## anonymous one year ago What is Fire??? (Which State does it belongs to?)

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1. arindameducationusc

@harishk Fire is a process in which substances combine chemically with oxygen from the air and typically give out bright light, heat, and smoke; combustion or burning. What is the state of matter of flame? Fire is an oxidizing chemical reaction that releases heat and light. The actual flames that you see moving and glowing when something is burning are simply gas that is still reacting and giving off light.

2. anonymous

Also as there is abundance of oxygen the chemical reactions induced by fire is virally continuous so long as there are sufficient reactants

3. anonymous

So you can see whenever fire can't burn there is a lack of chemical materials with which to burn them if any of them is missing

4. anonymous

I kind of heard somebody saying it is a Plasma matter... the 4th state of matter..

5. anonymous

the flame can indeed be described as a low temperature plasma.

6. anonymous

Define Plasma... in own words...

7. anonymous

8. anonymous

since the name @PlasmaFuzer iam pretty sure it got that right over plasma.. and as according to you, plasma is actually a state of ionized gas, which is not light.. right...???

9. anonymous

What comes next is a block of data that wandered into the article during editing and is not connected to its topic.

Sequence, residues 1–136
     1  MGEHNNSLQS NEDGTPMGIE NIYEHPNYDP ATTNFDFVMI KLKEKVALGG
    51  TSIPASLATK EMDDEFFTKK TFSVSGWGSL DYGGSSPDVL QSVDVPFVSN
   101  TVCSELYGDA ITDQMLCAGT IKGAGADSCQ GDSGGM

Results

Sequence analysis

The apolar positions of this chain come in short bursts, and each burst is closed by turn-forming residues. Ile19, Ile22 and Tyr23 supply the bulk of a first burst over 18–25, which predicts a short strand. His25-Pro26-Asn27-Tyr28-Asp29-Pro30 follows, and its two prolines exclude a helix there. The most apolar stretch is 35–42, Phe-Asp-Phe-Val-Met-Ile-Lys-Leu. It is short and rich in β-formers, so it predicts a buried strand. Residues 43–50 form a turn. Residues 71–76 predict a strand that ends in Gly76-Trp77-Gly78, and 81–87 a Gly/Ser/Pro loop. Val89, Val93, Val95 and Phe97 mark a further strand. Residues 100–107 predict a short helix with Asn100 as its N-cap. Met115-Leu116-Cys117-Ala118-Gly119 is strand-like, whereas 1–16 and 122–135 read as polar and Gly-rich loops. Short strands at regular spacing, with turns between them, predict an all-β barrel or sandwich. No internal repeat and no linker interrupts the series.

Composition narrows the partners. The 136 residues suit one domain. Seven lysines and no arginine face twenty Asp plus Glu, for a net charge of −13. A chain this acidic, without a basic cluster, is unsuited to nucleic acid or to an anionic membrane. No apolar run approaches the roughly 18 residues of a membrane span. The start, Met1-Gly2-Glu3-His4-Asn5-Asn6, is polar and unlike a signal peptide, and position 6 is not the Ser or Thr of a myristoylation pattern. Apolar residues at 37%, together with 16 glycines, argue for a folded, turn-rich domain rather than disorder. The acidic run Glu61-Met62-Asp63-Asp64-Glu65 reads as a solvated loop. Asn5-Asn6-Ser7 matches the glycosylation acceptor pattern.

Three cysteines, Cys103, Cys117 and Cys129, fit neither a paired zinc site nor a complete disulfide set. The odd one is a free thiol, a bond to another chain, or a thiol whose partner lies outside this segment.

Sorry I have been busy these last few days, and haven't had a chance to reply. Yes plasma is not light. Light consists of photons that can be given off by many different phenomenon. If you observe plasma in nature or on earth, it will usually be emitting a lot of light. This is because plasma is not the preferred (read lowest energy) state in which matter exists. To create a plasma, it takes input energy of some form to produce an ionization of the material (usually a gas of but not always.... google solid state plasma if curious); however even with input energy the atoms within the plasma don't just become ionized and stay that way. There is a continual process of electrons being knocked off of neutral atoms and recombining with ions and vice versa (both seeking at all times to lower their respective energy's) throughout the plasma. However this continuous cycle of ionizing and recombining generates lots and lots of photons which correspond to the energy required for an electron to neutralize an atom. Put simply, when an electron with just the right value of energy strikes the ion the excess kinetic energy the photon had is given up as an emitted photon. This photon's wavelength is tied very simply to this energy difference as follows: $(free\ electron\ energy)-(bound\ electron\ energy)=\Delta E=h \nu = \frac{hc}{\lambda}$ Where delta E is the energy given up by the electron to neutralize the ion, h is Planck's constant, c the speed of light, and nu and lambda are the emitted photon's frequency and wavelength. Quite frequently, these can correspond to the frequency/wavelength of visible light and thus we can perceive them with our eyes, and if they are within the visible light spectrum then then frequency/wavelength will determine the color we perceive. Now I have only outlined one mechanism by which light can be generated by plasmas and I have broad stroked it ignoring some more subtle details, though I hinted at it since that "just right energy" for the electron comes down to quantum mechanics. So keep in mind that this is by no means the only way light can be generated here and the mechanism can often be very complicated. Nevertheless this is a common fairly straightforward process within plasma and is fairly easy to explain so hopefully its food for thought and drives you to want to read more about it. If you would like to read more about the specific way in which fire gives off light, and the color that light takes, then I direct you here: http://www.physlink.com/Education/AskExperts/ae569.cfm Note there is a difference between exciting electrons to higher energy levels and fully ionizing electrons. In plasmas, generally speaking, most atoms are ionized most of the time; whereas in fire, only a small portion of atoms are actually ionized the rest have just been excited by the energy of the chemical reaction. The radiation I mentioned in my previous post is generated by this process of electrons emitting photons in order to lower their energy and drop to a lower energy level. So again, this is why fire is not considered a plasma.